The “Song of the Three Holy Youths” is part of the hymn called a canon sung during the Matins and other services in Orthodoxy. It can be found in the Church of England Book of Common Prayer as the canticle called the “Benedicite” and is one of the traditional canticles that can follow the first scripture lesson in the Order of Morning Prayer. It is also an optional song for Matins in Lutheran liturgies, and either an abbreviated or full version of the Song is featured as the Old Testament Canticle in the Lauds liturgy for Sundays and Feasts in the Divine Office of the Roman Catholic Church.

The Prayer and accompanying Song are not found in the Hebrew and Aramaic text of the Book of Daniel, nor are they cited in any extant ancient Jewish writings. However, the passage does appear in certain ancient witnesses, notably the Greek, Syriac, and Latin. At the end of the 19th century, M. Gaster identified what appears to be an Aramaic original of the song and another, Bel and Draco, also missing from the canonical book of Daniel. The Aramaic text is part of a collection of ancient Jewish texts compiled by a rabbi of about 14th century, and it is known under the name of The Chronicles of Jerachmeel.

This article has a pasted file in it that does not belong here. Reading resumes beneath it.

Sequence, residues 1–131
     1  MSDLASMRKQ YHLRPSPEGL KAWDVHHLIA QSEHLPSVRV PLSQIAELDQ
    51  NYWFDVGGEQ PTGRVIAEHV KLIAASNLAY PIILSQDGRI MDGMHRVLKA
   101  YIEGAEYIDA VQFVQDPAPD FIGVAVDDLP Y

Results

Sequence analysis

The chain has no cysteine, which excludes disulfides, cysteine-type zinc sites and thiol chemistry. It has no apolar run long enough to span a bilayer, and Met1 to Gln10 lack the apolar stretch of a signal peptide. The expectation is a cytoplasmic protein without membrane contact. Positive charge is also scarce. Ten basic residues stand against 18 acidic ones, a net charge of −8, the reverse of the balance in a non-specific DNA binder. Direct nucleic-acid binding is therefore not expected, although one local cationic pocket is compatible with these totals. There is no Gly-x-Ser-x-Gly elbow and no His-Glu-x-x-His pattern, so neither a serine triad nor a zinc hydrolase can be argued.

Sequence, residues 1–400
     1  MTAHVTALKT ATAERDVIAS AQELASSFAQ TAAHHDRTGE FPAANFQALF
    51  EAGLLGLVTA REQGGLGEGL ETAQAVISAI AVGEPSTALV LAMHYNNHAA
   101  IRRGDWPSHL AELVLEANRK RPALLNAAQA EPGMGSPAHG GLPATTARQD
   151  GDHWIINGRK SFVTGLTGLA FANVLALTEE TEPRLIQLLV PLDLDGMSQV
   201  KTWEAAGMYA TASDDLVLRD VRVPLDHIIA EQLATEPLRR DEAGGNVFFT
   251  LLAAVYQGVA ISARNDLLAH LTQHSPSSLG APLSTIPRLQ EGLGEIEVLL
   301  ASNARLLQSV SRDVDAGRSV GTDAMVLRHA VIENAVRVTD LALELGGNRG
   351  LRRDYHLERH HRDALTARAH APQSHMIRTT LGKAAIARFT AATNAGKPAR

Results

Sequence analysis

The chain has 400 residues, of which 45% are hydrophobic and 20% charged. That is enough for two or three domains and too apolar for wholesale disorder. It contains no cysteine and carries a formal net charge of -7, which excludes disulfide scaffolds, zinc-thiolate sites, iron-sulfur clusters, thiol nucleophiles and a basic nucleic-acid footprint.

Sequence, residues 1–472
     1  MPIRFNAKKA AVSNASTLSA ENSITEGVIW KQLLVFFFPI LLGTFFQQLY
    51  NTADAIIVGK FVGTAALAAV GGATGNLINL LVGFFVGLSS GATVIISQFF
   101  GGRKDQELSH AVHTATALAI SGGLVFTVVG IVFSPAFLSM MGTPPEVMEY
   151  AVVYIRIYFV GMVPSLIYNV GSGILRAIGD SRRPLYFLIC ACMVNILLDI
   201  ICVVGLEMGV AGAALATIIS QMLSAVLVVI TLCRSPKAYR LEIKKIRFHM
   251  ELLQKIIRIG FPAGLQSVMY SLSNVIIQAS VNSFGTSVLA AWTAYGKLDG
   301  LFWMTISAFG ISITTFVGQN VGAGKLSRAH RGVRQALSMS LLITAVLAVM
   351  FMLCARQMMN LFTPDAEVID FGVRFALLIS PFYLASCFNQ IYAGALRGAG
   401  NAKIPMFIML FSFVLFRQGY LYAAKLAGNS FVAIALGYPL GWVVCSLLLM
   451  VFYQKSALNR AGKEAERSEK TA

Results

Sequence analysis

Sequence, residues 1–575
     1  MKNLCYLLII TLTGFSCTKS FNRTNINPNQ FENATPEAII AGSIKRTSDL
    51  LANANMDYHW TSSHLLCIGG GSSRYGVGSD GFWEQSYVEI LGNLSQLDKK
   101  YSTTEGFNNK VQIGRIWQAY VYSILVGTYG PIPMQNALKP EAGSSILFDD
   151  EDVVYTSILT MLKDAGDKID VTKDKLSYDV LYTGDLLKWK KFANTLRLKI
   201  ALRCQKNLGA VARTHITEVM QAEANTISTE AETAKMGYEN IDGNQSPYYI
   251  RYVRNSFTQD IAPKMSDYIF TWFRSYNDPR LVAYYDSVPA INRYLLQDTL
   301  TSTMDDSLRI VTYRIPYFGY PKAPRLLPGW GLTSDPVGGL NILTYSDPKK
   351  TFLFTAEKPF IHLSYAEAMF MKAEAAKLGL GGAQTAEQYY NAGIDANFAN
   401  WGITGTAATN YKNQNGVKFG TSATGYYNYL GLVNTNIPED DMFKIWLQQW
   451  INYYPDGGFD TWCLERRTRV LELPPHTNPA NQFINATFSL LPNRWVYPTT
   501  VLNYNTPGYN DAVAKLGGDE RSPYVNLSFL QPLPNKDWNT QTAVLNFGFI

The origins of these writings are obscure. Whether the accounts were originally composed in Hebrew (or Aramaic) or in Greek is uncertain, although many modern scholars conclude on the basis of textual evidence that there was probably an original Semitic edition. The date of composition of these documents is also uncertain, although many scholars favor a date either in the second or first century B.C.

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Susanna or Shoshana, also called Susanna and the Elders, is included in the Book of Daniel (as chapter 13) by the Roman Catholic and Orthodox churches. It is one of the additions to Daniel, considered apocryphal by Protestants. It is not included in the Jewish Tanakh and is not mentioned in early Jewish literature, although the text is part of the original Septuagint (2nd century BC) and was revised by Theodotion, Hellenistic Jewish redactor of the Septuagint text (c. 150 AD).